With the renderings that were released, as well as the models being shown, I feel like the only dialogue can be about massing. The basic shape of the building and how it fits within its context. There will be so many changes to what we saw yesterday that it is not practical to criticize the images as a final result, and that is what I fear the public does.
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Old 06-30-2005, 12:23 PM   #54
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Quote:
Originally posted by ouizy
With the renderings that were released, as well as the models being shown, I feel like the only dialogue can be about massing. The basic shape of the building and how it fits within its context. There will be so many changes to what we saw yesterday that it is not practical to criticize the images as a final result, and that is what I fear the public does.
Agreed. Please forgive my relatively neophyte diatribe before, but it must have been an expected outcome when you began by requesting opinions on a limited set of panels. If someone portrayed simply a series of massing models for a final design review, contextual fit and aesthetic intention would dominate the conversation, since there is nothing else to evaluate (some critics would most likely leave), would you not agree? Seeing as the firm is most likely well beyond the design development/permit phase, it's not inappropriate to judge them on what is there for viewing.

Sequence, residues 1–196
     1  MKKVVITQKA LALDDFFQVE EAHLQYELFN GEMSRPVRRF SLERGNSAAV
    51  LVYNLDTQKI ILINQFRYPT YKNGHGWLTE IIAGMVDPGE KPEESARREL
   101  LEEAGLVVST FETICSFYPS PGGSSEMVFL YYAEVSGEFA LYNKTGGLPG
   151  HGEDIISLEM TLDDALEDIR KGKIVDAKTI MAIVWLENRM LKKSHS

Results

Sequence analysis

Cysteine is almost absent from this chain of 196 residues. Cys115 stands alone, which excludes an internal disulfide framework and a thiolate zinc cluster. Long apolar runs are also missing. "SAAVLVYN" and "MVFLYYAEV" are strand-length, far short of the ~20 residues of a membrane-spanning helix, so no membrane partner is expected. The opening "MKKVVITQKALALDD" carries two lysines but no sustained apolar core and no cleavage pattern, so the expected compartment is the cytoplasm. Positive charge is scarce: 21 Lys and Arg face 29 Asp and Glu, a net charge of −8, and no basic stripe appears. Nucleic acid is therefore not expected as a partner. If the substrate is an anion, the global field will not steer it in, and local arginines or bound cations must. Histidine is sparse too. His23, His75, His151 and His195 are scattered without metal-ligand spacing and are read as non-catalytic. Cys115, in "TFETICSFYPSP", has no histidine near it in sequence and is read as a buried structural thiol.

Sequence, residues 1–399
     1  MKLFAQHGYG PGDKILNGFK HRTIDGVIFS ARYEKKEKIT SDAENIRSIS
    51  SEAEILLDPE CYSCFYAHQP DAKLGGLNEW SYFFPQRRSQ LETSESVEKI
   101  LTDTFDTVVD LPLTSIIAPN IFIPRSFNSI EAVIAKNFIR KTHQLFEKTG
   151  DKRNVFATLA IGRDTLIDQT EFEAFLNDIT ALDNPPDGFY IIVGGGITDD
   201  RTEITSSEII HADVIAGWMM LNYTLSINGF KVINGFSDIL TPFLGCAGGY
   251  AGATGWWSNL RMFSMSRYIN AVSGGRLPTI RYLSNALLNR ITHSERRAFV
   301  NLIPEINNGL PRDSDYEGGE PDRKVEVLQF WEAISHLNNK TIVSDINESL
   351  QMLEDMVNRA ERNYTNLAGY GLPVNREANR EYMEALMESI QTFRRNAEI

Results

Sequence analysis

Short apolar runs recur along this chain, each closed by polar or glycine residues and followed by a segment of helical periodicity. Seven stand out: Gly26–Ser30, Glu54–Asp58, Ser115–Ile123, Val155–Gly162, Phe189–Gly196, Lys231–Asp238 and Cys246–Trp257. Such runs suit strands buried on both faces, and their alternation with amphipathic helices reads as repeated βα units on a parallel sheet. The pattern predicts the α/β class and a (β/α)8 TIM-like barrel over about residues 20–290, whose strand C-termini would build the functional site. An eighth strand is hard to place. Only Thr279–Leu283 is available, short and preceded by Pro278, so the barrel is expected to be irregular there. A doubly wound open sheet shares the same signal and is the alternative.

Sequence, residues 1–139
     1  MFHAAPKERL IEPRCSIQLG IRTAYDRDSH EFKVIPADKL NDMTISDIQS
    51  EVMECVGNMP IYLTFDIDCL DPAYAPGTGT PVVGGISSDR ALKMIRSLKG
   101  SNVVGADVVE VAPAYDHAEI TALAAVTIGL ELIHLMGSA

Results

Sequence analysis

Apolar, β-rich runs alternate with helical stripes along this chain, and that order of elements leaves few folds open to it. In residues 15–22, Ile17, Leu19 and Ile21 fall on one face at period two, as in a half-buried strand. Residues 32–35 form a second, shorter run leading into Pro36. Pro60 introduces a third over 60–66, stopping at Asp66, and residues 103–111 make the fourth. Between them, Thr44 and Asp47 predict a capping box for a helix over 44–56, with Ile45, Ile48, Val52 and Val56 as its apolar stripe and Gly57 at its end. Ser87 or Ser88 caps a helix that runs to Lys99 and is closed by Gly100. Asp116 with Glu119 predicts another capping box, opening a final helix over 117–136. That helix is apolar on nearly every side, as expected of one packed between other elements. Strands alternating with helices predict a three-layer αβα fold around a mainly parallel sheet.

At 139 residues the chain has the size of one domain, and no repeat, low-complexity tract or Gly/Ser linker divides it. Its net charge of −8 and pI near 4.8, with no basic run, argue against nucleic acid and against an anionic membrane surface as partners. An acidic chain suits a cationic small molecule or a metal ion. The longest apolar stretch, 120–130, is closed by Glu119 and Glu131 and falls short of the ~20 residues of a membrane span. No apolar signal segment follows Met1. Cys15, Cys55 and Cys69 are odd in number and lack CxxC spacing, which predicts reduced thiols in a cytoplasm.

On a sidenote, your mentioning of the interesting floorplate arrangement is intriguing, and it reminds me of the slightly unconventional approach to Frederico Soriano's Torre Laminar. An innovative process towards office programming, in my opinion. Here's a link from El Croquis, if you're interested:

Torre Laminar

ouizy, I'm interested to know if there was much research done with regards to Minuro Yamasaki's original intentions for the Twin Towers, and if some of his ideas were used to generate the basic concepts for the Freedom Tower (I realize the two works arise out of different contexts, but some principles could potentially be derived). Yamasaki had a career filled with tragedy, and it is unfortunate that his legacy is manifested in two pieces that saw demolition. The other notable construct being the Pruitt-Igoe Public Housing project, of which its destruction is considered by many to symbolize the end of Modernism.

My birthday in fact.



Sorry to go off on a tangent there. The opportunities to discuss architecture here are few and far between. I will accept the label of bhatch. Nice stuff ouizy.
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Old 06-30-2005, 01:07 PM   #55
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Originally posted by cujo

ouizy, I'm interested to know if there was much research done with regards to Minuro Yamasaki's original intentions for the Twin Towers, and if some of his ideas were used to generate the basic concepts for the Freedom Tower (I realize the two works arise out of different contexts, but some principles could potentially be derived). Yamasaki had a career filled with tragedy, and it is unfortunate that his legacy is manifested in two pieces that saw demolition. The other notable construct being the Pruitt-Igoe Public Housing project, of which its destruction is considered by many to symbolize the end of Modernism.